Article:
Cumnor House School for Girls, Purley
This small independent school for girls is within the exclusive and gated Webb Estate in Purley. It's a small school with a strong community feel.
What? Where? Cumnor House School for Girls is an independent prep school on Woodcote Lane, within Purley’s gated Webb Estate. As independent schools go, first impressions are pretty impressive. Woodcote Lane is wide and tree-lined, and there’s a driveway into the school that curves around in front of the main school building. There have been later buildings added, but they blend well with the original building. There’s a country feel to this school, despite its suburban location.
The school is fairly young, having been bought by Cognita schools group in 2010. It’s a small school, with just 180 girls in total, in classes from Reception up to Year 6. There are two classes in each year from Reception to Year 4, with just one class each in Years 5 and 6. Within two years, each year will have two classes. The school is growing, with many girls moving up from Cumnor House Nursery in Purley and South Croydon. And of course, Cumnor House School for Boys is not far away in South Croydon.
Facilities: The grounds are impressive at Cumnor Girls, with fields for hockey and tarmaced netball and tennis courts. There is no swimming pool in the site, but the girls are bussed to the boys’ school for swimming lessons.
The children were on their lunchtime break when I visited, and there was a quiet buzz in the playground. A group of girls were playing with a photo booth they’d made from a huge cardboard box. I get the feeling that traditional values are important here, and at the end of lunch a traditional hand bell was sounded to signal that it was time to go back to class. I liked that.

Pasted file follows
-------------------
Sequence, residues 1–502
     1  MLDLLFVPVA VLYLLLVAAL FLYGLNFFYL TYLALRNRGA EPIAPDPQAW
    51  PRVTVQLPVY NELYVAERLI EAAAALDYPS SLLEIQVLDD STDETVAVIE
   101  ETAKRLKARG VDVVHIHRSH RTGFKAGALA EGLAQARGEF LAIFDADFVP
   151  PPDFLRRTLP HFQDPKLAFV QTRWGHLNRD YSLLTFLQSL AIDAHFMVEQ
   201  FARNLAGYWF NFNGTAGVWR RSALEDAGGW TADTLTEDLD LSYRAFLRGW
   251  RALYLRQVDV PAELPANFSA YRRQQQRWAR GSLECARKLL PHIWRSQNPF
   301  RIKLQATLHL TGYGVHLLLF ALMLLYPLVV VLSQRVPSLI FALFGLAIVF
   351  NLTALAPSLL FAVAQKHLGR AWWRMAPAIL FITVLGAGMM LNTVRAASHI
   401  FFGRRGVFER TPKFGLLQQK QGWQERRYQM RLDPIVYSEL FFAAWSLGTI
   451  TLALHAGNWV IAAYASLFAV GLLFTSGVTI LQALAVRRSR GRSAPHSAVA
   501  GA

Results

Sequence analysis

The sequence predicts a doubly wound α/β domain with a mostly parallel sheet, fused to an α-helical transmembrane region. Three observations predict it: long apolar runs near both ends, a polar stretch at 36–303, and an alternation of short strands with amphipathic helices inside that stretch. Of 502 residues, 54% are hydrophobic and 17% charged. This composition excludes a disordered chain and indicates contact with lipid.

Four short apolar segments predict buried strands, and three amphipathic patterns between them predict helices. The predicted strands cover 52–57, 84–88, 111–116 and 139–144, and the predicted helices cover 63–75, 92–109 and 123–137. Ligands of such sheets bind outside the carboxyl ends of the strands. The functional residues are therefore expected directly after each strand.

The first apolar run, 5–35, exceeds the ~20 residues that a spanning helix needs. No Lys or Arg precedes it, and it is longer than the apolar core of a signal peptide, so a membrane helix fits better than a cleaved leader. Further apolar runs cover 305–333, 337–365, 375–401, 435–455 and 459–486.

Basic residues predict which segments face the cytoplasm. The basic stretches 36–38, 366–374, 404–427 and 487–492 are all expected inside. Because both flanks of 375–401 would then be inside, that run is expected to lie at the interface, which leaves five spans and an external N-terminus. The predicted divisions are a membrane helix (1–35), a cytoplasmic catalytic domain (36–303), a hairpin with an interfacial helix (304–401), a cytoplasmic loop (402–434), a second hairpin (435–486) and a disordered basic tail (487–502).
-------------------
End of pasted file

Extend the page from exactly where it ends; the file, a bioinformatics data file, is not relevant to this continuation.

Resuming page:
In addition to the outdoor facilities, the usual array of ICT suite, music rooms and food technology rooms, are also to be found. Nearby the food tech room is an outdoor kitchen garden, admittedly a little overgrown, but considering the children have not long been back from their summer break, it’s probably not surprising. There’s also a big indoor sports hall, that was wonderfully light and airy, and a drama hall that doubles as the school lunch room.
What else? Perphaps it’s the size, but Cumnor Girls’ has a homey feel, with a sense of community and family. Lunch is a social event, for the girls and the teachers, who often eat together. In Reception, and Years 1 and 2, the class teacher always eats with the girls.
There is a heavily-involved parents’ association, and families are encouraged to be involved in school life via music soiree evenings for parents, and other events. The parents association has raised a considerable amount for the school, buying a gazebo, outdoor play equipment, climbing walls, games and cameras.
you’d expect there is a house system with four houses – Nightingale, Parks, Seacole and Keller – named after influential women who have been successful despite facing challenges. These are characteristics the school is keen to promote in its girls.
The academic results: Year 6 is small at Cumnor Girls’ School, so there’s no doubting your child will get the attention she needs. This year, there were 27 scholarship offers in total with most offers from Woldingham School, Croydon High School and Royal Russell. Some girls were offered more than one scholarship.